[MIS28-P08] A Linkage between climatic condition and market economy in the 19th century Japan
- Analysis of solar radiation from historical documents and rice price -
Keywords:documentary sources, historical climatic fluctuation, market economy, famine, global solar radiation, 19th century
We estimate global solar radiation from weather conditions. Global solar radiation is an important factor for the energy balance of the Earth, and is also fundamental to the hydrological cycle and agricultural productivity. Our method is effective for all seasons and which could produce reconstruction with higher temporal resolution than other proxy data, for example tree rings.
Weather descriptions are classified into 3 categories and weather categories convert to solar radiation. The parameters of conversion are calculated by using JMA observations from 1995 to 1999.
We reconstructed monthly mean global solar radiation from 1821 to 1850 based on the weather records described in 11 historical diary documents. We focused on the years of Tempo Famine from 1833 to 1839.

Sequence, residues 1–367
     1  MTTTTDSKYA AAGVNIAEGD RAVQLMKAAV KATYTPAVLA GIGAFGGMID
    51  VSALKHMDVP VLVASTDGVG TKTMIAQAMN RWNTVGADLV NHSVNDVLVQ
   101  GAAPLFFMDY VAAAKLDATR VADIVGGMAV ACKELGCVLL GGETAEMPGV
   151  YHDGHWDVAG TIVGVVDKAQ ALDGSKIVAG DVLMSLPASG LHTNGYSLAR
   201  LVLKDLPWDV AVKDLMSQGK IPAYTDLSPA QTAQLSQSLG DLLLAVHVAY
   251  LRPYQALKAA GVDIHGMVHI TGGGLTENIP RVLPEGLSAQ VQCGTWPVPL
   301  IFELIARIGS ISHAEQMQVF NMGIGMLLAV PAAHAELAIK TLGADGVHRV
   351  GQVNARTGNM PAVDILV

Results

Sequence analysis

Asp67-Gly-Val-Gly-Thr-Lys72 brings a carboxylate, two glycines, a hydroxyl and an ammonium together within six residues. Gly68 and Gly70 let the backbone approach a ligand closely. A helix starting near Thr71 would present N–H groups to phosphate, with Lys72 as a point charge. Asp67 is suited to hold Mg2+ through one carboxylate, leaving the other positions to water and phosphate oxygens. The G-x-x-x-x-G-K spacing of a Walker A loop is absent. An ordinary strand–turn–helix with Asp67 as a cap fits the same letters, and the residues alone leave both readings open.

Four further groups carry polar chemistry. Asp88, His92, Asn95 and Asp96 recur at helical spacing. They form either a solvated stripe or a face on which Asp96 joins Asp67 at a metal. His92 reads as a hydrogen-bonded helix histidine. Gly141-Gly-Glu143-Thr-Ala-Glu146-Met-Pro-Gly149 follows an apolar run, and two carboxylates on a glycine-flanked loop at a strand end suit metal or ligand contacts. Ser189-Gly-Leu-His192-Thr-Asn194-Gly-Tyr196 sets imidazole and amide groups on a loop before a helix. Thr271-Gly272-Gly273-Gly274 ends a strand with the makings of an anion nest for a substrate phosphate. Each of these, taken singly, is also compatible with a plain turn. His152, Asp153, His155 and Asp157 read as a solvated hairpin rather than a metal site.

In 1836, monthly solar radiation in summer in the east-west zone of Japan including Kanto, Kinki, and northern Kyushu was smaller than the provisional normal (average of 1821-1850). It was 10% or more smaller than the normal in July and August. However, it was not particularly small in Tohoku to the north of the zone and in southern Kyushu to the south of the zone. The characteristic of reconstruction in 1836 is that lower solar radiation prolonged from May to September in the central area of Japan. This suggests that climatic condition similar to Baiu was prolonged, and that it was cold in Tohoku. On the other hand, in 1833 and 1838, when famines also occurred, the reconstructed solar radiation was low in Tohoku.
We also checked the effect on market economy by observing the daily price of rice, the main crop at that time. For 1836, we can observe the sharp rise of the price in July. It suggests that the market had reacted to the bad climate condition before the harvest season. After this sharp rise, four times higher than usual, rice price reached a plateau then fell in September 1837.
While the rice price in 1833 and 1838 also rose up in summer, they were only two or three times higher than usual and, more importantly, they quickly bounced back.
Cross check between the reconstructed solar radiation and the rice price data support thus enables us to conclude that there existed a big difference even among the years recorded as “famine years” on the historical documents.